Greenville, SC —This date in history marks the anniversary of two events that forever changed America: the kickoff of Monday Night Football in 1970 and the chartering of the U.S. Endowment for Forestry and Communities (the Endowment) in 2006. Although more Americans may be familiar with Monday Night Football, the Endowment’s impact shouldn’t be underestimated. “The Endowment is the largest public charity in the nation dedicated to conservation and sustainable development of working forests,” said Endowment President Carlton Owen. “In its brief history the Endowment has awarded more than $50 million, leveraging an equal amount in direct partner investment, for a total impact of $186 million to advance systemic, transformative, and sustainable change to improve the health of our nation’s working forests and forest-reliant communities.”

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Oregon announces details of Elliott State Forest sale

Herald and News
September 20, 2015
Category: Forestry
Region: United States, US West

Oregon has taken the next step in its plan to sell a public forest near Coos Bay. The World reports that anyone interested in buying the Elliott State Forest will have to meet key requirements. Buyers will have to pay market value for the entire 84,000-acre forest. They also have to promise to allow public recreation on at least half of the land. And they have to formally express interest in purchasing the property by Dec. 15. The Department of State Lands expects to pick a buyer by late next year, and to sell the forest in 2017. The state says it wants to sell the forest because it costs too much to manage. END OF STORY

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Forest management: Logging has numerous benefits

Letter by Mark Agather
The Missoulian
September 20, 2015
Category: Forestry
Region: United States, US West

The smoke that has diminished our air has finally cleared as nature has finished its natural course of clear-cutting and selective-cutting our forests. However, the pollution to our air and our water has produced unhealthy conditions for citizens of Northwest Montana while costing us over $42 million. Unfortunately, many from the far left refuse to recognize there are much better ways to manage our forests by emulating nature’s own processes to minimize the adverse effects produced by wildfires. In years before eco-extremists, we also had dry summers with lightning which started numerous fires. However, we had trained fire crews in the form of loggers and logging companies who helped the Forest Service control and put out the fires quickly before becoming too large to effectively manage.

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3,000 trees to be cut down to save meadow on Marys Peak

Statesman Journal
September 20, 2015
Category: Forestry
Region: United States, US West

CORVALLIS — In a state where lush forestlands are a source of pride, having too many trees is not often viewed as a problem. Yet high on Marys Peak, the tallest mountain in the Coast Range, trees have become almost the enemy, viewed by preservationists and the U.S. Forest Service as an invading force worthy of death by axe. The sin these trees have committed is a slow but steady encroachment into the ecologically rich and visually stunning meadows that spread across the mountain’s summit, a popular recreation area east of Corvallis. For the past six decades — and probably longer — groves of noble fir have been crowding into the meadow’s ecosystem, resulting in a growing loss of unique habitat and scenic vistas that could become irreversible if left to its own devices.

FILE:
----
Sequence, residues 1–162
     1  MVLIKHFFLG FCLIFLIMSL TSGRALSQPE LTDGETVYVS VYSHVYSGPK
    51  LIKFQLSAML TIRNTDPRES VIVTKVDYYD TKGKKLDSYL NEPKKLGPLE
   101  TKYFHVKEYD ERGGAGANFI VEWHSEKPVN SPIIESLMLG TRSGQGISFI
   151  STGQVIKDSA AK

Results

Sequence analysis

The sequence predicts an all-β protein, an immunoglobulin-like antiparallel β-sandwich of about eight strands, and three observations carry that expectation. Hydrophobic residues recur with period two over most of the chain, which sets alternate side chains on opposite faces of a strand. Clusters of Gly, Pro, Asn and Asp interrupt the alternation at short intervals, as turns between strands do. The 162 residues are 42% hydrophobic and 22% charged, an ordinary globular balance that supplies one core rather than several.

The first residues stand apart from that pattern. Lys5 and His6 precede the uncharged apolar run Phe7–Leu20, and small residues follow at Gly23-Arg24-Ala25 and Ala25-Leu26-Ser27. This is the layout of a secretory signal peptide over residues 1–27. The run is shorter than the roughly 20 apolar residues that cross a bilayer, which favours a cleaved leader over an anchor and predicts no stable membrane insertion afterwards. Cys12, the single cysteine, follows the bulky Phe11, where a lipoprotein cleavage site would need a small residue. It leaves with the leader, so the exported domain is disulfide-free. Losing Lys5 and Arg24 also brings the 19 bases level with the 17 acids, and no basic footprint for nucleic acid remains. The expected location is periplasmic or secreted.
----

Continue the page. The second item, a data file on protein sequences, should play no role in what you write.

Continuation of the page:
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California wildfire 4th-worst in state history based on structures burned

Volunteer firefighter loses his own home while battling another blaze
Associated Press in the CBC News
September 21, 2015
Category: Forestry
Region: United States, US West

California fire officials said a wildfire north of San Francisco destroyed another 162 homes, raising the number of homes destroyed to 1,050 and making it the fourth worst wildfire in the state’s history. The tally announced on Sunday brought the total number of homes destroyed in two wildfires burning in Northern California to nearly 1,600, the California Department of Forestry and Fire Protection said. Those fires killed five people, and on Sunday authorities announced that a body was found in the ashes of a wildfire in Monterey County that destroyed or damaged 10 homes. A firefighter lost his home while battling the blaze, said Eric Walters, a spokesman for the Cachagua Fire Protection District.

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The Forest Service May Change The Way It Combat Wildfires

Capital Wired
September 18, 2015
Category: Forestry
Region: United States, US West

In 2015 nearly 9 million forest acres burned in the United States and because of the climate change and drought, wildfires could get even worse. Jerry Franklin, a professor of Ecosystem Analysis at the College of Forest Resources, University of Washington in Seattle, Washington, gave suggestions as to how the forest fire management could lower the impact that the wildfires would have in the future. “We need to change our policies to recognize the use of more prescribed and natural fire to deal with the conditions we’re seeing in our forests today as well as to greatly accelerate restoration of more resilient conditions in accessible forests that have been dramatically altered over the past century,” said Franklin.